Sometimes simple is best
Having been MIA for far too long, I've been looking for a way to sneak back onstage without making a big deal out of an entrance. Something subtle, yet striking. Quiet, yet audible above the din. Notable, yet seeming like I've been here all along. You know, like whistling in a purple hat. I had pictures. I had recipe ideas. I had all sorts of funny-as-hell ideas...at 4.30 am.
Several false starts later, I've discarded anything cute and/or complicated — apparently my off the cuff wit has abandoned me, perhaps headed to a tryst with someone less absorbed and more amusing — and have come to a not-so-stunning conclusion: Simple is good.
This was brought home to me again last night when we got around to late-night dessert with the West Wing finale. See, the last complicated dessert I made was Brown Butter Almond Cakelets with Rhubarb, and it was okay, but not earth-shattering. Unfortunately, it was supposed to earth-shattering, seeing as how it was what Bill Gates served the President of China and it involved obscene amounts of butter and more than the usual amount of time standing in front of a hot stove. But, even though I used extra rhubarb and it was fresh from my first CSA bag, the flavor got totally lost; the almonds for the almond meal were fresh and lightly toasted before being ground, and you couldn't tell much beyond the ground almond texture; the butter was perfectly browned and nice and nutty and all, but...yeah whatever.
It probably says a lot that leftovers, which were left overnight in a cool car because we got back from the Pink Martini concert late, were tossed not eaten. I can't remember the last time that happened.
That experience makes my latest dessert "creation" all the sweeter. It's just about the simplest thing you could hope to make and it's wonderful. Ready?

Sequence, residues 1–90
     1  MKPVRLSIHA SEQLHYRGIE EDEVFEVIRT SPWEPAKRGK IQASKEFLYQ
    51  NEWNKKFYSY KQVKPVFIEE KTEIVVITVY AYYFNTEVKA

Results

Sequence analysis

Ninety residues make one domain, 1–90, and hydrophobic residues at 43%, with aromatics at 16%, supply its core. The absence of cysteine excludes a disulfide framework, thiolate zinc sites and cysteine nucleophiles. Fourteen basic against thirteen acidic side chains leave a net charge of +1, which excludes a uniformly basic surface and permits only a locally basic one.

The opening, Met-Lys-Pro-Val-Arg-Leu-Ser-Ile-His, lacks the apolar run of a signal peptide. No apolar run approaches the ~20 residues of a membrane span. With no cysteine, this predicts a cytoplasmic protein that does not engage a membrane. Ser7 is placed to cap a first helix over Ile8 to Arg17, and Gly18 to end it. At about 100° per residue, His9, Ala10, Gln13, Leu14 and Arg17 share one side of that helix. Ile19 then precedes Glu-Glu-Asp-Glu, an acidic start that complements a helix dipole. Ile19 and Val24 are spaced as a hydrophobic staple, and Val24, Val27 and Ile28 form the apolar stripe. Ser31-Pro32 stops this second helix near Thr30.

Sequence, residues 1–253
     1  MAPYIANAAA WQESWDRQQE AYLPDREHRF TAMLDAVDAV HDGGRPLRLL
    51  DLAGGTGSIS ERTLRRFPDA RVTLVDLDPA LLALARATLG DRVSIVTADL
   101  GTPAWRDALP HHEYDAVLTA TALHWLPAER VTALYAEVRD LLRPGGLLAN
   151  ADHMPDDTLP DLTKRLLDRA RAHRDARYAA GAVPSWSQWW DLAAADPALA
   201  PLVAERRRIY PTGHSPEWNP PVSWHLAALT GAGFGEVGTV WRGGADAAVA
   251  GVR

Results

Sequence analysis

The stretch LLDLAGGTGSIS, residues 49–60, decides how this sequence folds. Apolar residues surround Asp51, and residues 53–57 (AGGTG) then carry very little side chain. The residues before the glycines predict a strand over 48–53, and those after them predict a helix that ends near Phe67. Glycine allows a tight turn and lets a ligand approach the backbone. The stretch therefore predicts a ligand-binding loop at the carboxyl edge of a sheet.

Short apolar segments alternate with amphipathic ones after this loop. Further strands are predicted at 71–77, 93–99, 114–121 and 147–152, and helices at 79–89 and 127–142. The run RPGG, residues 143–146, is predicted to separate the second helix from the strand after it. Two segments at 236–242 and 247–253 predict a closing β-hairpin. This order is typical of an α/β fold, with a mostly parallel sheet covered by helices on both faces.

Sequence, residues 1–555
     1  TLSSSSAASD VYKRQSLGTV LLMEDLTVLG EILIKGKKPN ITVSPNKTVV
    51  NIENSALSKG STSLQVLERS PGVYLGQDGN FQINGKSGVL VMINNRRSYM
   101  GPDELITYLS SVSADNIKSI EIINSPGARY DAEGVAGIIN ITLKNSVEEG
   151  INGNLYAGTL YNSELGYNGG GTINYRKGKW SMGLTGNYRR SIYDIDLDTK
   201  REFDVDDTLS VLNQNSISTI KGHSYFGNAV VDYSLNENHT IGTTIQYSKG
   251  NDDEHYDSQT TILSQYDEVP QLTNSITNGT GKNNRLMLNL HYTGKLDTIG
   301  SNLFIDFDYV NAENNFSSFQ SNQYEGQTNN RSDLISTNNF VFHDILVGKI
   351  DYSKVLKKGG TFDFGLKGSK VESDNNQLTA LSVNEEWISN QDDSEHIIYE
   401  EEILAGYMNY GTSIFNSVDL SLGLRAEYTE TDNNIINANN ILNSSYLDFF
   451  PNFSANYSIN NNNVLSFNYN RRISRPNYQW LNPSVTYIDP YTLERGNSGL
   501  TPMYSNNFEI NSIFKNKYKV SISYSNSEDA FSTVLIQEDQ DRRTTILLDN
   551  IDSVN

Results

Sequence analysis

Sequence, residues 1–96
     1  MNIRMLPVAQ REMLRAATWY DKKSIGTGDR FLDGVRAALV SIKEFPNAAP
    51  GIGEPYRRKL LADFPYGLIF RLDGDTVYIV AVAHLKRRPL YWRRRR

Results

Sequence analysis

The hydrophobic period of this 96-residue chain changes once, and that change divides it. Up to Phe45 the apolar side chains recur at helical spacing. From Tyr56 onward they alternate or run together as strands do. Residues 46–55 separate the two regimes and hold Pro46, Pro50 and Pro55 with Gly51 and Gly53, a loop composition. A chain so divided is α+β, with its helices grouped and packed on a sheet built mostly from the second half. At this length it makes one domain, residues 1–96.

Snickerdoodles, 1 1/2 per serving (homemade is preferable, of course, but use what you have)
Strawberries, sliced (tossed with a spoon of sugar or liqueur if you wish)
Place cookie on plate, top with strawberries and cream. Break second cookie in half and place decoratively on top.
The bottom cookie will soak up the moisture from the berries and start to disintegrate, leaving a bit of crunchy sweetness from the cinnamon-sugar on top. The half cookie is the designated 'pusher' that lets you gather all the smooshy goodness onto your spoon. I'm not sure I'd call it earth-shattering, but it's the sort of thing of which those lovely memories of childhood (and adult) foodThatCanStillTransportYouEvenThoughYou'veNotEatenItInYears are made. So make some with a kid.
The idea is so simple that it can be morphed all summer, swapping out whatever fruit is in season and using the cookies we happen to have on hand. Simple. Sweet. Good.
Speaking of simple and sweet, the picture at the top of this post is a small slice of my herb/flower beds. If you've been telling yourself that you can't grow herbs because you don't have space, check it out. There's rosemary with chive flowers behind it and creeping thyme in front, along with a tri-color sage and a green one. The pansies were here when we bought the house and have been overwintering/reseeding all by themselves. Repeat this sort of mix in a couple more beds and you have a full-blown herb garden. I was so enchanted with this bit of spring exuberance that I made a computer desktop sized version of it, which is available for download if you'd like spring on your computer screen. Makes it a little bit hard to see icons, but as someoneElse noted, that's not necessarily a bad thing. Enjoy.